Count number of matches of a regex in Javascript-ThrowExceptions

Exception or error:

I wanted to write a regex to count the number of spaces/tabs/newline in a chunk of text. So I naively wrote the following:-

numSpaces : function(text) { 
    return text.match(/\s/).length; 
}

For some unknown reasons it always returns 1. What is the problem with the above statement? I have since solved the problem with the following:-

numSpaces : function(text) { 
    return (text.split(/\s/).length -1); 
}
How to solve:

tl;dr: Generic Pattern Counter

// THIS IS WHAT YOU NEED
const count = (str) => {
  const re = /YOUR_PATTERN_HERE/g
  return ((str || '').match(re) || []).length
}

For those that arrived here looking for a generic way to count the number of occurrences of a regex pattern in a string, and don’t want it to fail if there are zero occurrences, this code is what you need. Here’s a demonstration:

/*
 *  Example
 */

const count = (str) => {
  const re = /[a-z]{3}/g
  return ((str || '').match(re) || []).length
}

const str1 = 'abc, def, ghi'
const str2 = 'ABC, DEF, GHI'

console.log(`'${str1}' has ${count(str1)} occurrences of pattern '/[a-z]{3}/g'`)
console.log(`'${str2}' has ${count(str2)} occurrences of pattern '/[a-z]{3}/g'`)

Original Answer

The problem with your initial code is that you are missing the global identifier:

>>> 'hi there how are you'.match(/\s/g).length;
4

Without the g part of the regex it will only match the first occurrence and stop there.

Also note that your regex will count successive spaces twice:

>>> 'hi  there'.match(/\s/g).length;
2

If that is not desirable, you could do this:

>>> 'hi  there'.match(/\s+/g).length;
1

###

As mentioned in my earlier answer, you can use RegExp.exec() to iterate over all matches and count each occurrence; the advantage is limited to memory only, because on the whole it’s about 20% slower than using String.match().

var re = /\s/g,
count = 0;

while (re.exec(text) !== null) {
    ++count;
}

return count;

###

(('a a a').match(/b/g) || []).length; // 0
(('a a a').match(/a/g) || []).length; // 3

Based on https://stackoverflow.com/a/48195124/16777 but fixed to actually work in zero-results case.

###

('my string'.match(/\s/g) || []).length;

###

This is certainly something that has a lot of traps. I was working with Paolo Bergantino’s answer, and realising that even that has some limitations. I found working with string representations of dates a good place to quickly find some of the main problems. Start with an input string like this:
'12-2-2019 5:1:48.670'

and set up Paolo’s function like this:

function count(re, str) {
    if (typeof re !== "string") {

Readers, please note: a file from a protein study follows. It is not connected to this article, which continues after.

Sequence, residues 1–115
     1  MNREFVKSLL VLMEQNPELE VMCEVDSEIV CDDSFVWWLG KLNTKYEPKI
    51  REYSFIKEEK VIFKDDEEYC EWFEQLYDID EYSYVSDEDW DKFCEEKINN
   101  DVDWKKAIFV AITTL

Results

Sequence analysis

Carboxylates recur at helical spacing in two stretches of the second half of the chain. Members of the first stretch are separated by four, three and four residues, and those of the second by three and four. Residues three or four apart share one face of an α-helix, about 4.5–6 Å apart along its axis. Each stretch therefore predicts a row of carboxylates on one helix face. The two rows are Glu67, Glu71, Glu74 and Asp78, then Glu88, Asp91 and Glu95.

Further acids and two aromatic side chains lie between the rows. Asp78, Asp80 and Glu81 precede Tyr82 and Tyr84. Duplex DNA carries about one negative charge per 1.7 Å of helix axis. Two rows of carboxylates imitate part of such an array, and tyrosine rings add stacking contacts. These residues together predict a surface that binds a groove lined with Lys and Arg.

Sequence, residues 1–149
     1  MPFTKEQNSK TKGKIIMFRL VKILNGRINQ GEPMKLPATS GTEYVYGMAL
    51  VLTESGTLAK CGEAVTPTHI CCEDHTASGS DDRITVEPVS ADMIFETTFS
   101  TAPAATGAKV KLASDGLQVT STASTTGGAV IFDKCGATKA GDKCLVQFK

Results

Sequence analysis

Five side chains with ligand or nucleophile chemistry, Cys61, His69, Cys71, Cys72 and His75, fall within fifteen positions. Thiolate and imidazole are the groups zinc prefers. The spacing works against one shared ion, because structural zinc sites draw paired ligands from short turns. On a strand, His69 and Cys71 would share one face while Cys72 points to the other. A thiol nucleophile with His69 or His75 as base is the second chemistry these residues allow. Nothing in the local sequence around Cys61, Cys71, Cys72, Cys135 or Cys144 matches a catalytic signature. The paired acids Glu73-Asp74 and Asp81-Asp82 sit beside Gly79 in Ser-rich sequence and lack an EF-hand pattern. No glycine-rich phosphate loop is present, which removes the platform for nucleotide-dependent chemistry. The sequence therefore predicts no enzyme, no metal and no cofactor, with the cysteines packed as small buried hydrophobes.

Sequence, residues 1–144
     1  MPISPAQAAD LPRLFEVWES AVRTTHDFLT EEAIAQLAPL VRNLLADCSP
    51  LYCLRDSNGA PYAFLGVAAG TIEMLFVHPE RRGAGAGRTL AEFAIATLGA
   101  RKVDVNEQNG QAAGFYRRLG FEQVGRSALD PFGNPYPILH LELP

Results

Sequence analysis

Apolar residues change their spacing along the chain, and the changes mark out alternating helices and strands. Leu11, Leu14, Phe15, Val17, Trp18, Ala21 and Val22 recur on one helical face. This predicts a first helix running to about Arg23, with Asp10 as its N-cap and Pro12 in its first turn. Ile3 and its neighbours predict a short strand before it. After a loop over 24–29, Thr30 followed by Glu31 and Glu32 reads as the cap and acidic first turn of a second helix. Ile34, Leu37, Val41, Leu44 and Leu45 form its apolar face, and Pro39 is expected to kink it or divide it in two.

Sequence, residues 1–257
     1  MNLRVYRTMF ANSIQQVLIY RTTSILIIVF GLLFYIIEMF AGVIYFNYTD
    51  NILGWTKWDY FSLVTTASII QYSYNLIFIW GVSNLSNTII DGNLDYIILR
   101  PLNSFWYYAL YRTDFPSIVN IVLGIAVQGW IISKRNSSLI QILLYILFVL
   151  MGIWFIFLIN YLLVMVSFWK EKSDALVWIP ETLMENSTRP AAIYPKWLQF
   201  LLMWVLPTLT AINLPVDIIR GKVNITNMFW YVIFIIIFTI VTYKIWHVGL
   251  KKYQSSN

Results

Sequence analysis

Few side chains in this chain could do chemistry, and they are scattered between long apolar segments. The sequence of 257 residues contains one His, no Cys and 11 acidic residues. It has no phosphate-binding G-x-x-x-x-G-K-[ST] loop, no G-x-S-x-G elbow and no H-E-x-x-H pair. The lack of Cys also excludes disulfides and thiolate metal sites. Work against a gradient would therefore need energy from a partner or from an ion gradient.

return 0;
    }
    re = (re === '.') ? ('\\' + re) : re;
    var cre = new RegExp(re, 'g');
    return ((str || '').match(cre) || []).length;
}

I wanted the regular expression to be passed in, so that the function is more reusable, secondly, I wanted the parameter to be a string, so that the client doesn’t have to make the regex, but simply match on the string, like a standard string utility class method.

Now, here you can see that I’m dealing with issues with the input. With the following:

if (typeof re !== "string") {
    return 0;
}

I am ensuring that the input isn’t anything like the literal 0, false, undefined, or null, none of which are strings. Since these literals are not in the input string, there should be no matches, but it should match '0', which is a string.

With the following:

re = (re === '.') ? ('\\' + re) : re;

I am dealing with the fact that the RegExp constructor will (I think, wrongly) interpret the string '.' as the all character matcher \.\

Finally, because I am using the RegExp constructor, I need to give it the global 'g' flag so that it counts all matches, not just the first one, similar to the suggestions in other posts.

I realise that this is an extremely late answer, but it might be helpful to someone stumbling along here. BTW here’s the TypeScript version:

function count(re: string, str: string): number {
    if (typeof re !== 'string') {
        return 0;
    }
    re = (re === '.') ? ('\\' + re) : re;
    const cre = new RegExp(re, 'g');    
    return ((str || '').match(cre) || []).length;
}

###

how about like this

function isint(str){
    if(str.match(/\d/g).length==str.length){
        return true;
    }
    else {
         return false
    }
}

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